Speciality Malts: What Are They?
Speciality malts are steeped and kilned uniquely to achieve desired color, flavour and other characteristics. They spend more time getting roasted in the kiln at higher temperatures to acquire the complex flavour profile to the resulting beer. Speciality malts have less fermentable sugars compared to the base malt and therefore they are added in moderation.
Types of Speciality Malt
Speciality malts are primarily classified into three types, crystal/caramel malt, roasted malt and dark malt. The list is, however, subjective and any maltster may come up with their own patented variations. These are some of the popular speciality grains which you may come across while brewing.
Among all the speciality malts, this one has a broad spectrum. Caramel or crystal malts provide color and rich caramel flavour to the beer. These are rated by color ranging from 10 to 120˚L (degrees Lovibond). Lovibond is a measuring scale for colour. Higher the number, darker the colour is.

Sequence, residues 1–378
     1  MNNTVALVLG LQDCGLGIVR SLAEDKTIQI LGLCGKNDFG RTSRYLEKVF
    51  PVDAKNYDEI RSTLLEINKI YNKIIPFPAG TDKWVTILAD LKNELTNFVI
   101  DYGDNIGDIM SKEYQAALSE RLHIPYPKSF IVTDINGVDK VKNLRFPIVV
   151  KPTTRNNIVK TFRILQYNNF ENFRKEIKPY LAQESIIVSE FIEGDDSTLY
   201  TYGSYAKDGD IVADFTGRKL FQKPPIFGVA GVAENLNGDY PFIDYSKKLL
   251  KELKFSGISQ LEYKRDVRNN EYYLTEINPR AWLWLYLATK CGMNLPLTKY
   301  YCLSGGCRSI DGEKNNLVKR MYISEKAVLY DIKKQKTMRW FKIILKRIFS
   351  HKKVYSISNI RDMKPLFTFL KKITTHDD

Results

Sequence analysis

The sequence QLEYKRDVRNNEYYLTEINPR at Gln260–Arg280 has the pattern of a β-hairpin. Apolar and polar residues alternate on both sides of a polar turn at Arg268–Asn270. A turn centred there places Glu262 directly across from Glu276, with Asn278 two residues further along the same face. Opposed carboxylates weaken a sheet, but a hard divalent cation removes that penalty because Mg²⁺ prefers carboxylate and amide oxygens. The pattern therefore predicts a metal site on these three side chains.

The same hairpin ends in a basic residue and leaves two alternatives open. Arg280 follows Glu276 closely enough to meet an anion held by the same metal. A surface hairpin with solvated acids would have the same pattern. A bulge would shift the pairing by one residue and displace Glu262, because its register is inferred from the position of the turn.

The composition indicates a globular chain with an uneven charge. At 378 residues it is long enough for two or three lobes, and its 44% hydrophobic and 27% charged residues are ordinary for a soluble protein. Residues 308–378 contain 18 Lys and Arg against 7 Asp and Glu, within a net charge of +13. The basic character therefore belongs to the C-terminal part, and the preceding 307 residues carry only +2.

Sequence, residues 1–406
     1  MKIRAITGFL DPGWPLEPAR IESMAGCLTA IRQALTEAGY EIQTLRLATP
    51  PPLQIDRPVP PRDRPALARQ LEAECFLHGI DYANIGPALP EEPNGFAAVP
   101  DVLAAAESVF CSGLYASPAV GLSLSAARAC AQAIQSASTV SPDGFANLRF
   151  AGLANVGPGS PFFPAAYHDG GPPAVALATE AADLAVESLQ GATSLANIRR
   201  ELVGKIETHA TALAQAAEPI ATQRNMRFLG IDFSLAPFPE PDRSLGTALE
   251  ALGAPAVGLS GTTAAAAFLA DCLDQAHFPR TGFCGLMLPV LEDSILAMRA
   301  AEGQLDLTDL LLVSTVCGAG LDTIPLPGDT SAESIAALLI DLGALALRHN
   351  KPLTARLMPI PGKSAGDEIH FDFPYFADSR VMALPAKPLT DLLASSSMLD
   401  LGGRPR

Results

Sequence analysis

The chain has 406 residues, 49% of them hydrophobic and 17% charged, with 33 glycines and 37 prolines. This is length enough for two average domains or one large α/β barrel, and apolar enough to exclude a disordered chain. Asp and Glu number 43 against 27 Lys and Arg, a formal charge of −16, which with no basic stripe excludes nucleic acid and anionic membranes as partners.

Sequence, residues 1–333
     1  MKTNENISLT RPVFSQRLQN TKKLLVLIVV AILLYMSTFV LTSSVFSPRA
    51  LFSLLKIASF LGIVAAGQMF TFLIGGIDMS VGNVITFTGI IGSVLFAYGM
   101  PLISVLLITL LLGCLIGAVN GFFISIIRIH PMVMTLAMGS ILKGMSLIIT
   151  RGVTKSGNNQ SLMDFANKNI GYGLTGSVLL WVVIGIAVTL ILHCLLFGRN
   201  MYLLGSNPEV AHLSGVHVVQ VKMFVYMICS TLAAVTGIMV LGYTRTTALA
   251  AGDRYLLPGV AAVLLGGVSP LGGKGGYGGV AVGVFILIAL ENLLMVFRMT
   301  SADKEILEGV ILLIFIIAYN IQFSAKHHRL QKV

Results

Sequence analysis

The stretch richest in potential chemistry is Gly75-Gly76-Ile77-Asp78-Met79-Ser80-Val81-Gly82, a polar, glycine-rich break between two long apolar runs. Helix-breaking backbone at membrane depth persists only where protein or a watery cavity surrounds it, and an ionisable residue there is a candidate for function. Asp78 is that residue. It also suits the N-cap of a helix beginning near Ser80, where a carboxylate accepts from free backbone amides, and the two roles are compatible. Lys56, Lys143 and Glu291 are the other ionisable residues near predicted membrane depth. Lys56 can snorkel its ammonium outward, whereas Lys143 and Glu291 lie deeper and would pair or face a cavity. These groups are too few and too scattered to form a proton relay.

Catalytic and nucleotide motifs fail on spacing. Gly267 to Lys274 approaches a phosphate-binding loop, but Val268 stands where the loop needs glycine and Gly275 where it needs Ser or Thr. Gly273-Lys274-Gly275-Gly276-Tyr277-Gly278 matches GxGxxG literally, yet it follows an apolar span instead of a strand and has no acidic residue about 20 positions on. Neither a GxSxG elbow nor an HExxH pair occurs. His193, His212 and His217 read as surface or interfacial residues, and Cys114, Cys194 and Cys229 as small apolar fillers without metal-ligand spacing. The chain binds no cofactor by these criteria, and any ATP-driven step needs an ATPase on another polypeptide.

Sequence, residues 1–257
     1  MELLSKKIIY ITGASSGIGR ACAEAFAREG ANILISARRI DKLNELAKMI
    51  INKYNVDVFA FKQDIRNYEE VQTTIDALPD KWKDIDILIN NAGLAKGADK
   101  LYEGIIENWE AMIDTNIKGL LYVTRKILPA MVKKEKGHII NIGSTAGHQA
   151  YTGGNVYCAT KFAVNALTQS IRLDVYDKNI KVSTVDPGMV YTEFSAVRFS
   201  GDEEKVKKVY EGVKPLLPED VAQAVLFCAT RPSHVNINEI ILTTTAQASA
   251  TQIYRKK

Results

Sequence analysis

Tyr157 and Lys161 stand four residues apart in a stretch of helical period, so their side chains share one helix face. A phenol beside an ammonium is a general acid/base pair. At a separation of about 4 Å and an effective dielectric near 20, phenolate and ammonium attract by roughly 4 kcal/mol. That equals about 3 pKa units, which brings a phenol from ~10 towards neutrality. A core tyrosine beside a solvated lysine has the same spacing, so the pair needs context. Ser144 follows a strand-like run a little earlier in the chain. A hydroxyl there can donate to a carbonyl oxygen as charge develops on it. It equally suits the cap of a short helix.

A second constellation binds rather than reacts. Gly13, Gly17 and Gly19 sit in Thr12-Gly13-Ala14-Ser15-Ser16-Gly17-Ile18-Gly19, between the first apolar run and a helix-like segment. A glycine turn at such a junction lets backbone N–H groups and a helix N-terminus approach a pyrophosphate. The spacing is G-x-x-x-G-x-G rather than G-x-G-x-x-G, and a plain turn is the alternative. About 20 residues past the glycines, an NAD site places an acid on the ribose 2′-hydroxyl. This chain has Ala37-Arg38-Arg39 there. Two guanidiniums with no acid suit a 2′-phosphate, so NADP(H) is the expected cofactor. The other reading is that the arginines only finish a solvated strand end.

At the lower end of the spectrum, flavours such as honey, biscuit and caramel are evident. As you go higher on the scale, flavours such as burnt sugar, raisins, figs and dates are imparted. Typically used in darker beer styles like Belgian dubbels or doppelbocks.
Roasted in low temperatures for a longer duration, brown malt exhibits nutty, toasty and coffee notes in a beer. Brown malt is slightly dark and clocks in at 100˚L. This is used in brown ales and porter as well.
Chocolate malt is a dark roasted malt which comes in a variety of flavours. Prominently gives out the flavours which resemble dark chocolate and coffee. Chocolate malt is dark in color and ranges from 300 – 500˚L. It is ideally suitable for porters and stouts.
Roasted barley is not technically considered as a malt since it is added into the roaster in an unmalted state. But it is often used in brewing Irish stouts giving out roasty and slightly burnt notes of an espresso.
Black malt is considered as one of the darkest malts available for brewing. It ranges from 500-700˚L. Black malt is roasted at a high temperature, which makes it dry, burnt and bitter. It is used in stouts, in smaller quantities to lend a roasty and burnt flavours as well as a darker color. Too much of this can make your beer taste astringent and burnt.
It is always a good practice to try out some samples of the speciality grains by chewing on kernels to better understand the taste and flavour.